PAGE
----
The Group of Eight (G-8) refers to the group of eight highly industrialized nations—France, Germany, Italy, the United Kingdom, Japan, the United States, Canada, and Russia—that hold an annual meeting to foster consensus on global issues like economic growth and crisis management, global security, energy, and terrorism. The G6 was made up of France, Germany, Italy, Japan, the UK and America. It then changed to G7 when Canada joined in 1976 and G8 with Russia in 1998.
G-8 Initially was G-7. G-7 was the organization of seven non socialist countries which were highly industrialized in the world. G7 included USA, Canada, Germany, Japan, France, Britain, and Italy. After adopting free market policies in the economy, Russia was also made member or the organization on June 21, 1997. The first G7 summit was held at the Rambonilet near Paris in November 1975. Currently the member countries of the G7 group account for 49% of global export, 51% of industrial output and 49% of assets in the international monetary fund.
The finance ministers of the G-7 countries in Sept, 1999 established the G-20 as an international forum to promote informal dialogue and cooperation among systematically important countries within the framework of Breton woods institutions system with a view to preserving international financial stability.
The Group of Twenty (G20) is the premier forum for its members' international economic cooperation and decision-making. It comprises 19 countries plus the European Union. G20 leaders meet annually; additionally, during the year, Finance Ministers and Central Bank Governors meet regularly to discuss ways to strengthen the global economy, reform international financial institutions, improve financial regulation, and discuss the key economic reforms that are needed in each of the member countries. Underpinning these meetings is a year-long programme of meetings between senior officials and of working groups coordinating policy on specific issues.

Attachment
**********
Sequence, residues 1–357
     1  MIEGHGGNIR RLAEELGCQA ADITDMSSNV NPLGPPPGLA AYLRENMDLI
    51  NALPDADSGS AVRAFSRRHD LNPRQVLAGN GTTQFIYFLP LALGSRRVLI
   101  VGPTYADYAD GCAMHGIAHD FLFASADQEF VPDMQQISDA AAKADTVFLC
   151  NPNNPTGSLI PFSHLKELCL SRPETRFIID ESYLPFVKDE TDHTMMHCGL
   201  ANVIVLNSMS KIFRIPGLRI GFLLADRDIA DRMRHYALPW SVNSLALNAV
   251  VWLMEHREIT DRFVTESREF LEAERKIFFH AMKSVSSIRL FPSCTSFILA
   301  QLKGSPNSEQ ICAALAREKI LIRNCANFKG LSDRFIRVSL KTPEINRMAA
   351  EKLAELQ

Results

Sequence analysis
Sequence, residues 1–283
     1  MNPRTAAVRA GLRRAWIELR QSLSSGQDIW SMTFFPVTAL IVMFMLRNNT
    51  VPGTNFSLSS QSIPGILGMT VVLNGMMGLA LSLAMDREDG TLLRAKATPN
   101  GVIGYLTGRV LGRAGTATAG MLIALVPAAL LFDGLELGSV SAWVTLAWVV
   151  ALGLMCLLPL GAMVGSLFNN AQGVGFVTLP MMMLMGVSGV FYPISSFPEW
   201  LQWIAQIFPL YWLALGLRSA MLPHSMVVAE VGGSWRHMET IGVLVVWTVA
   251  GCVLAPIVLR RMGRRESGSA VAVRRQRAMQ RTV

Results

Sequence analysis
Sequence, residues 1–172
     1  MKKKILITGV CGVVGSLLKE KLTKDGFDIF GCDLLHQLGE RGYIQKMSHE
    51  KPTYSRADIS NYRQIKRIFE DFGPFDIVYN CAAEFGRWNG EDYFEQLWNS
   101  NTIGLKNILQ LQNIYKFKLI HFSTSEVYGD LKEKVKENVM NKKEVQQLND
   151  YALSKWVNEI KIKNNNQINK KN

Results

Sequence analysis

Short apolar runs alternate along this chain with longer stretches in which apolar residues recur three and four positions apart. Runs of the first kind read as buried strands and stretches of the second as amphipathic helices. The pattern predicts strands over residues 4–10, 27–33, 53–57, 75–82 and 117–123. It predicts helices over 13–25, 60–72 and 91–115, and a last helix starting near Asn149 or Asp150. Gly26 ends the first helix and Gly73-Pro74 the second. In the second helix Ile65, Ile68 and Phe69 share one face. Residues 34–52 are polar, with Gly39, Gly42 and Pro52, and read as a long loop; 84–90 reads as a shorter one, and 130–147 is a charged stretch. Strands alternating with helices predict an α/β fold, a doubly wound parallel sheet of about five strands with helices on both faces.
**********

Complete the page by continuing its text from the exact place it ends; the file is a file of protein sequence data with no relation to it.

The G20 started in 1999 as a meeting of Finance Ministers and Central Bank Governors in the aftermath of the Asian financial crisis. In 2008, the first G20 Leaders' Summit was held, and the group played a key role in responding to the global financial crisis. Its decisive and coordinated actions boosted consumer and business confidence and supported the first stages of economic recovery. G20 leaders have met eight times since 2008
The G20 Summit continues to focus on measures to support global economic growth, with a strong emphasis on promoting job creation and open trade. Each G20 President invites a number of guest countries each year.
The G20 works closely with international organizations including the Financial Stability Board, the International Labour Organization, the International Monetary Fund, the Organization for Economic Co-operation and Development, the United Nations, the World Bank and the World Trade Organization. These and a number of other organizations are invited to attend key G20 meetings.
G20 members represent around 85 per cent of global gross domestic product, over 75 per cent of global trade, and two-thirds of the world's population.
The members of the G20 are:
Argentina, Australia, Brazil, Canada, China, France, Germany, India, Indonesia, Italy, Japan, Republic of Korea, Mexico, Russia, Saudi Arabia, South Africa, Turkey, United Kingdom, United States, European Union.
The G20 Presidency rotates annually according to a system that ensures a regional balance over time. Reflecting its nature as an informal political forum, the G20 does not have a permanent secretariat. Instead, the G20 President is responsible for bringing together the G20 agenda in consultation with other members and in response to developments in the global economy.
To ensure continuity, the Presidency is supported by a "troika" made up of the current, immediate past and future host countries. In 2015 the G20 Presidency is held by Turkey. During Turkey's host year, the members of the G20 troika are Turkey, Australia and China.
An important difference between characteristics of the G-20 from the G-7 is its greater participation from among both the industrialized countries as well as key emerging markets, thereby representing a wider range of viewpoints.